Cities Transformed: Demographic Change and its Implications in the Developing World (review)
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Cities Transformed: Demographic Change and its Implications in the Developing World Edited by: Mark R. Montgomery, Richard Stren, Barney Cohen and Holly E. Reed of the Committee on Population, Division of Behavioral and Social Sciences and Education, National Research Council of the National Academies Publisher: Academy Press (hard cover); Earthscan UK (paperback) ISBN: 0309088623 (hard cover)

Thus far the field of urbanization in the developing countries has seen demographers in the forefront. Primarily they have dealt with the relationship between industrialization and urbanization and have lent support to the over-urbanization thesis. Their studies were based on macro level data on development and urbanization obtained from national censuses and the United Nation's population estimates. Such studies raised issues about measurement and prediction of urbanization, differences between regions and countries, and the role of colonial history in shaping the city morphology. The mechanisms through which urbanization affects demographic transition and the dynamic aspects of urban economy and governance remain ill-understood. The present report by a distinguished panel of experts attempts to fill this gap. It focuses on various aspects of the urban transformation with emphasis on inter- and intra-urban differentials in economic and demographic consequences of spatial reorganization. The panel of experts is drawn from the Population Council, Overseas Development Institute, International Institute for Environment and Development, and university departments from a number of countries. The report is self-explanatory and covers the following six areas: (a) urban population dynamics and city growth, (b) social and economic differentials within and across cities, (c) fertility and reproductive health in urban areas, (d) mortality and morbidity in urban areas, (e) labor force implications of a changing urban economy, and (f) the challenge of urban governance.

The report is divided into ten chapters, references (which run into sixty pages) and six appendices, biographical sketches of both panel members and staff, and an index. The report begins with an introduction to the nature of demographic transformation under way in the developing countries (Chapter I). This is followed by a discussion of the aspects of social and spatial environments that influence demographic behavior (Chapter II), major [End Page 90] regional variations in the pattern of urbanizations, and their relationship with the forces of globalization, democratization and decentralization (Chapter III). The report supports the dual city thesis and observes the presence of a "European space" and an "indigenous space" in cities in the developing countries. While the former is shown enjoying a high level of urban infrastructure and services, the latter is only marginally served. And following this core issues in definitions and measurements, and projections of urban populations are discussed (Chapter IV).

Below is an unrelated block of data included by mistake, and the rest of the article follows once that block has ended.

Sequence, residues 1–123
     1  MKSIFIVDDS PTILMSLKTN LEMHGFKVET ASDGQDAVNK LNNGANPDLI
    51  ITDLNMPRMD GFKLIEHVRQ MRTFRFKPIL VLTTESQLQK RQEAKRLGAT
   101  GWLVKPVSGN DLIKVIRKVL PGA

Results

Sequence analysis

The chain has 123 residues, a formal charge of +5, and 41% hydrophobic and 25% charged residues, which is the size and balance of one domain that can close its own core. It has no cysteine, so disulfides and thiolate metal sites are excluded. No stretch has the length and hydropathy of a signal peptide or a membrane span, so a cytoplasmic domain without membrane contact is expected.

The report identifies gaps in research on urban well-being (Chapter V), fertility and reproductive health (Chapter VI), mortality (Chapter VII), and migration (Chapter VIII). The report also covers issues in urban governance (IX). At the end of the report (Chapter X), there are suggestions for future research and improvement in research infrastructure.

The report is based on an extensive review of theoretical literature on various aspects of urbanization, compilation of unpublished and published data from sources such as Demographic and Health Surveys (DHS), published and unpublished data from United Nations Demographic Year Book (DYB), sound research and analysis. The report deals with both methodological and substantive issues in urban processes and prospects. The panelists have done a formidable work in matching data from DHS with those of World Urbanization Prospects, United Nations population estimates and other national and international sources. They have suggested sound approaches to arrive at comparable estimates on population, demographic behavior, poverty and related issues. The report lends support to the thesis of similarity in the rate of urbanization experienced by developing countries of our times and that experienced by developed countries a century ago, highly uncertain urban futures in some countries, continuing urban-rural differentials in access to basic services, crisis-led fertility transition and the possibility of its continuation even after economic recovery, urban advantages in health and infant and child survival, better returns on education in urban areas and its implications, and the need for reform in local governance. It stresses that the fundamental task of urban...


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